What are stock dividends and how do they work?

A dividend is a payment that a corporation makes to owners of a companies stock, also known as shareholders. It is a way for companies to distribute revenue back to investors, and one of the ways investors earn a return from investing in a stock.

When you own stocks that pay dividends, you are receiving a share of the profits that the company makes. Let’s take a look at Coca Cola for an example. If they reach a profit surplus, they can choose to reinvest some of this money back into the organisation, or they also have the choice to pay their shareholders a portion of this profit, which is then called dividends.

In the United States, companies typically pay dividends quarterly, however, some companies pay monthly or semi-annually. A dividend is paid per share of stock, for example, if you own 50 shares in a company and that company pays $2 in annual dividends, you will receive $100 per year.

However, not all stocks pay dividends – if you are interested in investing for dividends, you will want to specifically choose dividend stocks.

What is dividend investing?

Dividend investing is a strategy of buying stocks that pay dividends in order to receive a regular passive income from your investments. This income is in addition to any growth that your portfolio experience as the stock gains value. A win, win if you are an investor.

If you own shares in a company that has a dividend reinvestment plan, or DRIP, you can also choose to have your dividends reinvested to buy additional shares, rather than having them paid out as a profit. This is a useful strategy for long term holders to build up their portfolio or when your dividends are small.

Experienced dividend investors will generally invest significantly in stocks that pay large dividend yields in order to make more money.

Types of dividend?

There are currently 4 popular dividend types, these are:

  1. Cash dividends

  2. Stock dividends

  3. Property dividends

  4. Liquidating dividends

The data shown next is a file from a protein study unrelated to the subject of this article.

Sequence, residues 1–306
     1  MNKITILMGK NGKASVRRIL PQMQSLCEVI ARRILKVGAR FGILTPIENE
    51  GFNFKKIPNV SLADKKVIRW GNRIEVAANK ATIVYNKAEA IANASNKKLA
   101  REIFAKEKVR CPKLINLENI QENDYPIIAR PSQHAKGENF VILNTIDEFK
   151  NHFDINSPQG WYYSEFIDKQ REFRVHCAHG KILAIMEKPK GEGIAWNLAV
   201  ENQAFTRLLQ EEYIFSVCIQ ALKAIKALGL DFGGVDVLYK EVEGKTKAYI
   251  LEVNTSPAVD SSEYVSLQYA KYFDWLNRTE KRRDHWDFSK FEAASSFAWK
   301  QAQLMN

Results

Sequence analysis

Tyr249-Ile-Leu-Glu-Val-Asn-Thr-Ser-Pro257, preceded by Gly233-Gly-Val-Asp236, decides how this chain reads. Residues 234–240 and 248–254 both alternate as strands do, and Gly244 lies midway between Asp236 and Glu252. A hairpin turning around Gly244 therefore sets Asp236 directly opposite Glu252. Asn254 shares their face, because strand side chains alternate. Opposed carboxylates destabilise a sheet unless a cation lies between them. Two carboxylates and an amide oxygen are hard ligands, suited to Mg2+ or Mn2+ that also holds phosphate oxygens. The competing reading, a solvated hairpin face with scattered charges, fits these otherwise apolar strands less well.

Cash dividends

Cash dividends is currently the most common type of dividend. A certain cash pay-out is distributed to investors holding stock in the company. These pay-outs occur on specific dates chosen by the company’s board of directors and their size are in relation to the percentage stock each investor owns. Long term investors can reinvest their cash dividends to increase their stock holdings in the company.

Cash dividends are a basic way for companies to return capital back to their shareholders. Payment periods can be monthly, annually or any other time period chosen by the board of directors.

A company which offers cash dividend pay-outs are usually stable and well-established companies.

Stock dividends

Stock dividends are made in the form of additional shares, rather than cash, to investors. Stock dividends are usually paid out when a company has a short supply of liquid cash or when requested/ agreed upon by the investor(s).

The amount of stock dividends paid out to an investor are usually paid out in relation to the amount of stock that investor already holds. The more share an investor holds, the more additional share they receive with stock dividend pay-outs.

Stock dividends are also known as scrip dividends and have major tax advantages as these dividends are not taxed until they are sold by the individual investors.

Property dividends

Property dividends can include one of two options: A share/stock of a subsidiary company, or a physical asset owned by the company for example real estate, inventory etc.

Once these dividends are assigned, their price are recorded at market value of the linked asset. The investor may choose to sell the asset or hold on to it.

This is a very unpopular dividend and is usually only chosen if the company either does not want to dilute its current share position or does not have enough cash on hand to distribute payments.

These types of dividends can be very advantageous to investors as no tax is paid on them unless they are sold. The investor can choose to hold on to the asset and hope for further growth in the future.

Liquidating dividends

Liquidating dividends are payments which are made by a corporation to their shareholders during a liquidation, partially or fully. Liquidating dividends are usually not taxable to shareholders as they are seen as return of capital.

A disadvantage of these dividends occurs when a shareholder’s supporting company has deteriorated in their quality, leading to the liquidation amount not covering the shareholder’s initial investment.